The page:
According to Andrea August there are numerous obstacles which inhibit Croatian economy to become more competitive such as: unpredictable tax policy, longevity of the court procedures, short timeframes for adopting new regulations or the over-regulation. She noted that Croatia is not implementing sufficient number of reforms to be able to move upwards on the international scales of competitiveness. Nonetheless, she mentioned examples of recently implemented reforms which directly impact Croatia’s competitiveness like the termination of seals or starting reform of the central business register. August also indicated that adoption of the Strategy of smart specialization in 2016 allowed Croatia to become eligible for using the assets of the Operational program competitiveness and cohesion. So far Croatia used this source to launch over 100 projects which have a commercial values of some 600 million euro.
The last panellist Martina Basarac Sertić presented experiences with the adoption of smart specialization strategies in Croatia and other new EU member states. She explained that smart specialization strategies represent part of the EU’s cohesion policy targeted towards reduction of the risks between the EU regions and assuring growth in whole of the EU. It is the new generation of innovation policy which goes beyond classical concept of investing in research and technology because it starts from the notion that all countries and their regions cannot be equally efficient in all areas. Basarac indicated that in its smart specialization strategy Croatia has chosen six key areas: i) transport and mobility, ii) energy and sustainable environment, iii) security, iv) biochemistry, v) health and the quality of live and vi) food. She concluded her presentation by underlining objection of the European Commission that most EU regions are still not supportive enough towards financing risky ideas with contain significant potential for innovation.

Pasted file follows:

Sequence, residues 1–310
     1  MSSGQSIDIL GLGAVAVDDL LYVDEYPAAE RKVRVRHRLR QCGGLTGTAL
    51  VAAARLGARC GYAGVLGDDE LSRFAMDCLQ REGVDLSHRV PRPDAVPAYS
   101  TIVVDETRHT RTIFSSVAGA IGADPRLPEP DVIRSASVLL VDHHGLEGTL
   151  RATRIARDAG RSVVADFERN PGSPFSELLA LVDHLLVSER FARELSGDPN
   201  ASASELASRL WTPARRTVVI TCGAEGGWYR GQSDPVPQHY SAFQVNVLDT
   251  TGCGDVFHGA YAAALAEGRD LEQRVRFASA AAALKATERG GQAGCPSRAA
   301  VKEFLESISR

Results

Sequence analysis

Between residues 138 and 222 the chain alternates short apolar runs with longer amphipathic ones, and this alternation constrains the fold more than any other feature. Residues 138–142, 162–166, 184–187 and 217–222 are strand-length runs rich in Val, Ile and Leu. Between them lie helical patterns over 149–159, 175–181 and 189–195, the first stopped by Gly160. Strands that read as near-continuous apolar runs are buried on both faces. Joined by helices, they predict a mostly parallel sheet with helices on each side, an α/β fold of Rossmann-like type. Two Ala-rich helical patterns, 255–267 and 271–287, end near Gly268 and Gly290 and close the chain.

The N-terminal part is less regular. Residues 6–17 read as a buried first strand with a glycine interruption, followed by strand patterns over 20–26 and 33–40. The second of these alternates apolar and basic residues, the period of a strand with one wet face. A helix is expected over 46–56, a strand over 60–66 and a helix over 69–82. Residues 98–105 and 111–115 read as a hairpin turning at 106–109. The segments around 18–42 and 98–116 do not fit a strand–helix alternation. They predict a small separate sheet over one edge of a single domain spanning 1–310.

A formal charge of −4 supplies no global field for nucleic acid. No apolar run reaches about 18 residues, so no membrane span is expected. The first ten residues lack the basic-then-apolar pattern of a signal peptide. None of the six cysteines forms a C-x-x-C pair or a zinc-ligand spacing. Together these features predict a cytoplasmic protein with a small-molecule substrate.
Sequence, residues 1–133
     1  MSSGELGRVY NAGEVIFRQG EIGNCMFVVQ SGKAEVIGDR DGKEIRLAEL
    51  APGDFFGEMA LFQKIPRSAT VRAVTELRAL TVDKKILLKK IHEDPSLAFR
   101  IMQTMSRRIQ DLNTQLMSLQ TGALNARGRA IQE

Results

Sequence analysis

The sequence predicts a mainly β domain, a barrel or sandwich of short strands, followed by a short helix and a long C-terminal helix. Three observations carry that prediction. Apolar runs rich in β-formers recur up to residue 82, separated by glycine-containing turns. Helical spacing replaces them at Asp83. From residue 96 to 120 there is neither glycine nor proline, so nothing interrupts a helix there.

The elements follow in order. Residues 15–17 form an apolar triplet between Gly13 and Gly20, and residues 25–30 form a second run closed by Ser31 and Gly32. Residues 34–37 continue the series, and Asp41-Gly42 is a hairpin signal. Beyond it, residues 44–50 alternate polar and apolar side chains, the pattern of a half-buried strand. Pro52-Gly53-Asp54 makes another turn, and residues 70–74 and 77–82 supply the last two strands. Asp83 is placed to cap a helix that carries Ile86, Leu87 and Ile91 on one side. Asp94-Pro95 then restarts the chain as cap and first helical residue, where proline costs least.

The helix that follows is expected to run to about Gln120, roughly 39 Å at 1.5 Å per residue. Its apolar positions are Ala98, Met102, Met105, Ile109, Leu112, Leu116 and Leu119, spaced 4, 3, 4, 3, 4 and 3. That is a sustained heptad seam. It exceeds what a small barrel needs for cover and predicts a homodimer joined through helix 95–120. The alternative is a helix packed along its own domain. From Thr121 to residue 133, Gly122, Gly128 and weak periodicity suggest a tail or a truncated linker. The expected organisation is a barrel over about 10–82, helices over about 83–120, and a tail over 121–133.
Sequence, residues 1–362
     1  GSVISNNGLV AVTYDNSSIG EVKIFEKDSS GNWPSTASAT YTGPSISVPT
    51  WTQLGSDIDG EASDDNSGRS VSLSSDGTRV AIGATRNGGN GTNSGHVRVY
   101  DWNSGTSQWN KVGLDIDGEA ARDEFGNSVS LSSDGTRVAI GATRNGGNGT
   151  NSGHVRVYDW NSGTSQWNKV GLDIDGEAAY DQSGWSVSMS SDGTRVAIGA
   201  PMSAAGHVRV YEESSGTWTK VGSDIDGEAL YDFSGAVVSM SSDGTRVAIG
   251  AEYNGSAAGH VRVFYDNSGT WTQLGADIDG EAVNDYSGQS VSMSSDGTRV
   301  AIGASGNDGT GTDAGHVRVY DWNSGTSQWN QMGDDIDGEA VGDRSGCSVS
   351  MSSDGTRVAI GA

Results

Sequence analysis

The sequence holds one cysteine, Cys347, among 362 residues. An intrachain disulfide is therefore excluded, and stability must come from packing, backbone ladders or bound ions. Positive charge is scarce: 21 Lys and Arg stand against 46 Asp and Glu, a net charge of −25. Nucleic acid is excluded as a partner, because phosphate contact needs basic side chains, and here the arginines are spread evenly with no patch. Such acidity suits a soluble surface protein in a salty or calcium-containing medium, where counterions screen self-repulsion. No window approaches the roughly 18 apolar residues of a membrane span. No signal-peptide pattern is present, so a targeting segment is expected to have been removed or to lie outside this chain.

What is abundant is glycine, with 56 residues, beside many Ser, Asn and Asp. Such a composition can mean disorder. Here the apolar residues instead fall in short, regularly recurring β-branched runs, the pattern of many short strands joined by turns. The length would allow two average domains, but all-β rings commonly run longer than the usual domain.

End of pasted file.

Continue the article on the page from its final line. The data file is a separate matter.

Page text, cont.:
The panel was followed by the Q&A session between speakers and the audience. The discussion touch upon various issues including development of Croatian ICT sector in the context of strengthening competitiveness. It was indicated that according to the Global Information Technology Report 2016 of the World Economic Forum Croatia is positioned on the 54th place out of 139. This means that Croatia is a medium developed country, but still below countries of Central and Eastern Europe. The Digital Economy and Society Index – DESI has also been commented. According to data for 2016 Croatia is placed on the 24th place within the EU. However, it was indicated that Croatia has registered the largest increase in the value of DESI of all EU member states and that it is placed within the group of countries which are quickly approaching the EU average.